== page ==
Friday Book Whimsy: The Giver of Stars

Jojo Moyes has written a good number of books. A couple have been made into movies, I believe. I, however, have read nary a one nor seen any movie made inspired by the author. Maybe I live on a desert island without any kind of media.

At any rate, I am not ashamed to say that I read The Giver of Stars because it was a Reese Witherspoon book club choice (what can I say?) and because it takes place in the hills of Kentucky and has strong women characters. Boom.

Alice Wright — born and brought up in England — married Bennett Van Cleve for two reasons: to escape her boring life and because he was a hunk who happened to be visiting England with his father from the United States. Some of us have married for worse reasons.

Anyway, following the marriage, they move from England to the small town in the hills of Kentucky where Bennett’s father owns and runs a coal mine. Much to her surprise, Bennett has no interest in consummating the marriage and obeys whatever orders his father gives — and there are some doozies.

So when Alice learns that President and Mrs. Roosevelt have started a program where library books are delivered on horseback to rural, backwoods areas, she is immediately on board. Volunteering would provide some interest in her otherwise dull and sad life. There she meets a group of women who become her friends and give her the necessary backbone to withstand her miserable life. The book is all about friendship.

I enjoyed this novel so much. I loved the characters and the story, which is based on a real program that existed for a short time in the 30s following the Great Depression. I will admit that the controversy regarding whether or not the story was plagiarized gave me pause and impacted my opinions. I don’t know the truth of the matter. What I do know is that The Giver of Stars was a wonderful book from which I learned something new that took place in U.S. history.

Here is a link to the book.


Thursday Thoughts

Tick Tock
As of the time I wrote this blog post, Jen is still scheduled to have knee replacement surgery on Monday at an as-of-yet-unknown time. This surgeon is keeping us all guessing. Apparently we will know when we see the lights of his eyes and the glint of his surgical tools. Despite the fact that she has been fighting a cold, she has a very positive spirit. Between her daughter and her two sisters, we will take good care of her. She is her mother and father’s daughter, so she will come through like a trooper and nothing will slow her down.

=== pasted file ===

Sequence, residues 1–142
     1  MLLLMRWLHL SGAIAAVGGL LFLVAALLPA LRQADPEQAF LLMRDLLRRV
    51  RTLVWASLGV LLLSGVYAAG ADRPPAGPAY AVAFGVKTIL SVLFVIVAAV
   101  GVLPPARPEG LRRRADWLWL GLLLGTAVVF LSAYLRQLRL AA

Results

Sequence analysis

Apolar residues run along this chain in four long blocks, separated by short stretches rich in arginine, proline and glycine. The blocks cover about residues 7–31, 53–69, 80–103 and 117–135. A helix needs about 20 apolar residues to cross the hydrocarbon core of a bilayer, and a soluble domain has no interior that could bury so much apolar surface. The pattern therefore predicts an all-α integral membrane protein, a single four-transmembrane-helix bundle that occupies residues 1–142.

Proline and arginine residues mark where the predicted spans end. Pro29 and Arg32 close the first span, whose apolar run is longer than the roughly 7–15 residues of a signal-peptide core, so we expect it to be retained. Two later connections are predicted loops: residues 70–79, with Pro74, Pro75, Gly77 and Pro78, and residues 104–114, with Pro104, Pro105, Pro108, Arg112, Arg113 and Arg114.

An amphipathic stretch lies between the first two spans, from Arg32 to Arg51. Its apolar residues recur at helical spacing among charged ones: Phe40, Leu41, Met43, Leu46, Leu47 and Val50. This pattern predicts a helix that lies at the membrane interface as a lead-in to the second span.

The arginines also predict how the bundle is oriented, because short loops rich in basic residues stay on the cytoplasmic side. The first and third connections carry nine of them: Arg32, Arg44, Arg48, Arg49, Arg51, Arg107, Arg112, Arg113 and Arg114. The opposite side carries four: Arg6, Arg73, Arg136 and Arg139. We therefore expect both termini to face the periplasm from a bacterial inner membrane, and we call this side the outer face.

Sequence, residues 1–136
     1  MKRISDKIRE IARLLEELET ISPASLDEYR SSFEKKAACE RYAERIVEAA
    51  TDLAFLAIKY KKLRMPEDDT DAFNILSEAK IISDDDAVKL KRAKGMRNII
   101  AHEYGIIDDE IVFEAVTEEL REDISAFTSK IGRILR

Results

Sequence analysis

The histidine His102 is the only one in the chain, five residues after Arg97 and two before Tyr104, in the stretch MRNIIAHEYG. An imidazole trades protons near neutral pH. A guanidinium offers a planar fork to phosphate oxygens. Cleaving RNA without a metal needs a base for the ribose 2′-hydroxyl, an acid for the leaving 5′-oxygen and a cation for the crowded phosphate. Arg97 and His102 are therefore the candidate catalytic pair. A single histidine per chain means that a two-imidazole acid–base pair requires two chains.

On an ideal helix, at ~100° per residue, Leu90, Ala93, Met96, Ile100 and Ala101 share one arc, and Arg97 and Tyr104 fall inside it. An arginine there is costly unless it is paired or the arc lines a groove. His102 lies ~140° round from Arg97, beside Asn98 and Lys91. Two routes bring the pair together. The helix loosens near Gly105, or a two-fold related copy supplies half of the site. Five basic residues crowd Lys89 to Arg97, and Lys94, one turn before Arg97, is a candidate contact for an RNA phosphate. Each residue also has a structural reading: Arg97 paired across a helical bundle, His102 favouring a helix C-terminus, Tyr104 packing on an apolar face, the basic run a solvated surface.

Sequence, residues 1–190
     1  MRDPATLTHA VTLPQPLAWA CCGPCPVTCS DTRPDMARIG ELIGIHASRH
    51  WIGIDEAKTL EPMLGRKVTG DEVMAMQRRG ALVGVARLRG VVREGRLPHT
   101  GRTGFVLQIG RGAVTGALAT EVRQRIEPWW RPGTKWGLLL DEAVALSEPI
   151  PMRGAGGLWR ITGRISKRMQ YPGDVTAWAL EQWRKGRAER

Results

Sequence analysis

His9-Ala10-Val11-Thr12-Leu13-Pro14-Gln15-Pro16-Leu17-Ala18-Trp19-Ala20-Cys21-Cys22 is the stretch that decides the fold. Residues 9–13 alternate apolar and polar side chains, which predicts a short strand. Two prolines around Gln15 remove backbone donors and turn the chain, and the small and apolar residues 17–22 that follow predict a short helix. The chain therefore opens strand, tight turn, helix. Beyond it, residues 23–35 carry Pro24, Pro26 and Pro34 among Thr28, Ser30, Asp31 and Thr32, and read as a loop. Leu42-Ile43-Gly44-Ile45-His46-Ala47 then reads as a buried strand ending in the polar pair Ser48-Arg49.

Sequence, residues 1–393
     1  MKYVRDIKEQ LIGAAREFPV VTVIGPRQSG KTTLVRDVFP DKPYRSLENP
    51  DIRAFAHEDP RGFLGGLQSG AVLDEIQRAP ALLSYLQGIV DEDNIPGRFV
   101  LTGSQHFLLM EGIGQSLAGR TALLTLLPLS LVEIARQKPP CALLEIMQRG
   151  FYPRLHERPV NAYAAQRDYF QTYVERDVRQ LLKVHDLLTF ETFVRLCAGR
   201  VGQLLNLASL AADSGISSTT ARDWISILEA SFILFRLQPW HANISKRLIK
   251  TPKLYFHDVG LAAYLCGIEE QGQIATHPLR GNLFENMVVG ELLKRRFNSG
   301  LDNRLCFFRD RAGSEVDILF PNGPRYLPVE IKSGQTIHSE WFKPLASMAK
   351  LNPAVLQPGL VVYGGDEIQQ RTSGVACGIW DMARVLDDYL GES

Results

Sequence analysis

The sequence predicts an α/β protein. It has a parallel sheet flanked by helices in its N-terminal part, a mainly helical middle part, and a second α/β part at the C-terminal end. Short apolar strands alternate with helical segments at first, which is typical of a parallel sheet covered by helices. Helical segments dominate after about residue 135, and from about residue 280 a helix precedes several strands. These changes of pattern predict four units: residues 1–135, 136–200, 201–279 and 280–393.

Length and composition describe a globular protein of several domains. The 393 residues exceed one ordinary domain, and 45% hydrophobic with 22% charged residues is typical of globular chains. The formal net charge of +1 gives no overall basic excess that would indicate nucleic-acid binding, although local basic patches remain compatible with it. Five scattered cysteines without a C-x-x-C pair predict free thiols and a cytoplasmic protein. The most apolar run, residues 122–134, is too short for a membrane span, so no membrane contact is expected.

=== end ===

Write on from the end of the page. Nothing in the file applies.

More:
Last night, Jen and I were sitting outside having a glass of wine and waiting for our lemon chicken to finish baking. The evening was gorgeous with the sun setting in the west and the moon coming up in the east. Suddenly, we heard a ruckus. Mark had stopped by with Austin and Lilly to surprise Jen. After they left, I said, “There is nothing like a surprise visit from your grandkids, huh?” She responded, “That’s the first time that’s ever happened. It was awesome.” Since I get frequent visits from my grandkids, I know I’m blessed…..

Cookie Time
I was excited to read that it’s nearing Girl Scout Cookie season. I’m down to only one granddaughter selling cookies. I texted Mylee this morning and asked her if she was selling cookies yet. She responded quickly, telling me not yet. I told her to save me some of the new lemon cookies that are being offered this year, and she promised she would. I don’t know what will happen when she is no longer a Girl Scout. I guess I will no longer be able to blast by those little girls selling in front of the grocery store…..

Oh, the Weather Outside is Lovely
We’ve had some really glorious days this past week or so. Highs nearing 70 with lots of sunshine. In fact, last night, I was about to turn on the fan in our room, but was too lazy to get out of bed. It’s supposed to turn a bit cooler next week with slight chances of rain. Despite the 70 degree temps, Lilly wore her Ugg boots yesterday. Those little desert children wouldn’t survive Colorado temperatures at their lowest.


Grandkids: God’s Gift

My youngest niece spent Monday evening getting engaged. Brooke is the youngest daughter of my brother Dave. We are all very happy for her, except for the fact that given that she is the youngest and is as tiny as a firefly, we can’t stop thinking but she’s too YOUNG to get married even though she really isn’t.

Since learning that she said YES to Alexx’s proposal, I have had my mind on my mother. In fact, my first thought when my brother texted me that Alexx was going to propose that very evening was that Mom would have been so happy. That’s rather funny because of Mom and Dad’s nine grandkids, Brooke was the one Mom didn’t know. She passed away before Dave married Brooke’s mom, and so before Brooke became his daughter, both legally (he adopted her) and in his heart.

Here’s what I know, however. Mom would have loved Brooke because she loved all of her grandkids with her whole heart and her whole soul. I learned how to be a grandmother from two people: my own grandmother and my mother.